Dr Vishal Shah
Dr Vishal Shah; Associate Professor, joined the School of Engineering at the University of Warwick in 2017 and is part of the PEATER group. He has been working in the wide bandgap (WBG) materials research activity and runs the UK’s only Silicon Carbide (SiC) epitaxial facility at Warwick. His research interests are driven by the challenge of improving semiconductor materials and devices, having completed a PhD in physics at Warwick in 2009. He has over 10 years’ experience developing semiconductor materials and technologies for numerous application areas including power electronics, quantum technology, photovoltaics, CMOS, MEMS and sensing. He has written 2 patents, and published 43 journal papers, 37 conference papers, four book chapters and made over 50 conference contributions, with an h-index of 16 and over 905 citations (Google Scholar) as of January 2021.
2017-Present: Associate Professor, School of Engineering, University of Warwick, UK
- Established a Wide Bandgap Materials Laboratory, currently focussing on Silicon Carbide materials.
2015-2017: Research Scientist, Mantis Deposition, Thame, UK
- Developed deposition tools and techniques for epitaxy, sputtering, ebeam evaporation, ion bombardment, nano-particle deposition etc.
2013-2015: Senior Research Fellow, School of Engineering, University of Warwick, UK
- Senior researcher in a team consisting of 2 research staff and 6 PhD students within the "Underpinning Power Electronics: Devices Theme" (EP/L007010/1) project.
2009-2013: Research Fellow, Department of Physics, University of Warwick U.K.
3C, 4H and 6H-SiC Power devices and CVD Epitaxy: As a major collaboration between the UK SiC community of Warwick, Newcastle, Cambridge and Bristol, this project is essentially based around the epitaxy of thick (>50µm) SiC layers for high power devices for rectifiers and inverters. Alongside the epitaxy of SiC power device I participate in the fabrication of PiN diodes, MOSFETs and trench MOSFETs in house. I am a PI on a £720k EPSRC fellowship EP/P017363/1.
Si and Ge epitaxy upon SiC substrates: In collaboration with the Power Electronics, Applications & Technology in Energy Research (PEATER) group at Warwick Uni. The investigation focuses on the deposition of doped Si and Ge on SiC substrates to create layers to be used in high temperature electronics. This on-going investigation has involved a close collaboration with P.M.Gammon and the NICHE project, funded by the Royal Academy of Engineering.
Reverse Graded Virtual Substrates (RGVS): This investigation was the main focus for my thesis doctorate. The resulting buffers were novel and state-of-the-art, competing with the best buffers available. This research is funded by the Ge Renaissance program (EP/F031408/1) and the Si Photonics program (EP/E065317/1).
Strained Ge heterostructures on RGVSs for device applications: This work was performed in conjunction with work carried out for the reverse graded substrates, and has recently resulted in ultra-high carrier mobility structures, this research is still on-going. This research was funded by EPSRC grant EP/D034485/1.
Ge on AlGaAs for Spintronic applications: This work is being performed in collaboration with Cavendish Laboratory and Toshiba Research Group to demonstrate spin transport in germanium. I have performed the MBE growth of these layers and also performed extensive physical characterisation of the Ge/AlGaAs material system, this work helped start the spintronics research under research grant (EP/J003263/1).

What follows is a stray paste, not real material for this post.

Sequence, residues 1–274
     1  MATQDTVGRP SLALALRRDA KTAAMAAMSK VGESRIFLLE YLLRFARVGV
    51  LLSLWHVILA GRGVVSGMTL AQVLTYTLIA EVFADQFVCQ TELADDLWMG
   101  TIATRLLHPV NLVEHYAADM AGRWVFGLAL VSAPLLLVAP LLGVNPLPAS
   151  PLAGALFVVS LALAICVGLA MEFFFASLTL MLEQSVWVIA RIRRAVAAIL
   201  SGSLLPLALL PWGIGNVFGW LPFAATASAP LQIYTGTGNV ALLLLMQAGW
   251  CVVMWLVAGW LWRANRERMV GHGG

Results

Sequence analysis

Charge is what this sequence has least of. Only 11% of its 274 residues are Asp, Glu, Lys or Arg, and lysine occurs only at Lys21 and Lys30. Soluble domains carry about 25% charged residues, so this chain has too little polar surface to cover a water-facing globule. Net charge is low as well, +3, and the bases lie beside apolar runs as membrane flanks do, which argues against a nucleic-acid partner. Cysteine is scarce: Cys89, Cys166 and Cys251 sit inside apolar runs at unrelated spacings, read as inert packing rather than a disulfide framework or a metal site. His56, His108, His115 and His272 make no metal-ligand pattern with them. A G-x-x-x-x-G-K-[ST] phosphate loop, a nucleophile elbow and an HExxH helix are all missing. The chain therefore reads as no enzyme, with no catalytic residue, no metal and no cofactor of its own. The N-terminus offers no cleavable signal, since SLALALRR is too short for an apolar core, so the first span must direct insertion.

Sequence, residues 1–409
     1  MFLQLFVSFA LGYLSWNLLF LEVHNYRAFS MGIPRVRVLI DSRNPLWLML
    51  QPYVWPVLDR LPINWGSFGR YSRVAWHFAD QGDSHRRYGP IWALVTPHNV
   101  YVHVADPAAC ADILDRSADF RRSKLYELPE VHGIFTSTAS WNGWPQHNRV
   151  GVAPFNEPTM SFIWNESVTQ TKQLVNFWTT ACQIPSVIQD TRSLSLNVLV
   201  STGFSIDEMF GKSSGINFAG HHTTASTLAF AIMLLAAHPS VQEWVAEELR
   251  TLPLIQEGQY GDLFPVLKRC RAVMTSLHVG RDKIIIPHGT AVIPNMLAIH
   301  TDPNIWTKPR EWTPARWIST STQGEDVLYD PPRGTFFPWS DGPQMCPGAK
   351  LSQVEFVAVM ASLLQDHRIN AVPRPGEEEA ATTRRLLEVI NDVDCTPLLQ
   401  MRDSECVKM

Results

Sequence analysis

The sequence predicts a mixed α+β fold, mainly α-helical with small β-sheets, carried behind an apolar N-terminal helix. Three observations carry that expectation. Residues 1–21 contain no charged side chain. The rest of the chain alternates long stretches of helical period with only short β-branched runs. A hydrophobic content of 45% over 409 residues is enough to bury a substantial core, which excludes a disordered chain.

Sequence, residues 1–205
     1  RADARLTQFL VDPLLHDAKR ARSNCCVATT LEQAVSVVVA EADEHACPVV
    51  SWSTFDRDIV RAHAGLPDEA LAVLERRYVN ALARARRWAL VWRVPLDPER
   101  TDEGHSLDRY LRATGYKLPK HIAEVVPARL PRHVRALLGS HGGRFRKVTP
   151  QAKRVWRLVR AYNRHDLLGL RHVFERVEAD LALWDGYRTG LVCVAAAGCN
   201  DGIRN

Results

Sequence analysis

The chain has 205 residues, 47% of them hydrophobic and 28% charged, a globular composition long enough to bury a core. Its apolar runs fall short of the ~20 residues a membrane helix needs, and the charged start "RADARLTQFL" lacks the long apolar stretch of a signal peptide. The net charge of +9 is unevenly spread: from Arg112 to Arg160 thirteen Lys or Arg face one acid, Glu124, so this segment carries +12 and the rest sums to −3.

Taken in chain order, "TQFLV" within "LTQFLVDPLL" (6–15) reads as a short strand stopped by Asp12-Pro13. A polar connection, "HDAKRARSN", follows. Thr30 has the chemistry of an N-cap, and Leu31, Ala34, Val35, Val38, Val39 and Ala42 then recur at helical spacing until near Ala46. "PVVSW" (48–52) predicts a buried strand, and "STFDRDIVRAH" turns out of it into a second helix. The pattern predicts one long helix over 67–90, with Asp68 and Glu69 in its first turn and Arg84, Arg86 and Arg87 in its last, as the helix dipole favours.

Doped Si and Ge for millikelvin applications: This area of research was in collaboration with Cardiff University, Royal Holloway University and VTT and Aalto University (both from Helsinki). The aim of which is to demonstrate effective sub-kelvin cooling in Semiconductor/Superconductor structures, aimed to replace dilution cryogenics and to demonstrate applications. This programme was funded by EPSRC grant EP/F040784/1 and also EU FP7 Nanofunction Network of Excellence
MEMS for cooltronics applications: This area of research is in conjunction with research upon Semiconductor/Superconductor junctions. Due to the low power of the cooling junctions they are required to be isolated from the main substrate. To this end they must be placed upon platforms which have a minimal volume and physically disconnected in a vacuum, meaning MEMS fabrication for suspended structures. Work from this programme has been submitted under two British patent applications: 1107574.4 and 1206913.4. This programme was funded by EPSRC grant EP/J001074/1.
Projects and Grants
- 2021-2024 PI on £400k EPSRC grant (EP/W004291/1): TESiC-SuperJ - Trench Epitaxy for SiC Superjunctions
- 2021-2024 CI on £975k EPSRC grant (EP/V028596/1): Electric Fields by 4D scanning transmission electron microscopy
- 2021-2024 CI on £740k EPSRC grant (EP/V000543/1): Silicon Carbide Power Conversion for Telecommunications Satellite Applications
- 2017-2021 PI on £700k EPSRC Fellowship (EP/P017363/1): Ultra-high voltage (>30KV) power devices through superior materials for HVDC transmission (Wide Bandgap Epitaxy - SiC)
The PEATER Group is one of the leading research groups in the world focused on SiC device development, with a suite of equipment and facilities to match. This includes:
- The Science City Cleanroom, a 150 m2 ISO class 6 cleanroom including high temperature oxidation and annealling furnaces, photolithography, etching and wet processing, metal deposition, and atomic layer deposition.
- The UK’s only industrial SiC CVD reactor in an ISO class 4 cleanroom, used for the epitaxial growth of SiC.
Characterisation Facilities, including a Keysight B1505A power device analyser and a SemiProbe semi-automated wafer prober for device characterisation up to 10 kV, 100 A and 300 °C.
An ISO class-8 packaging cleanroom.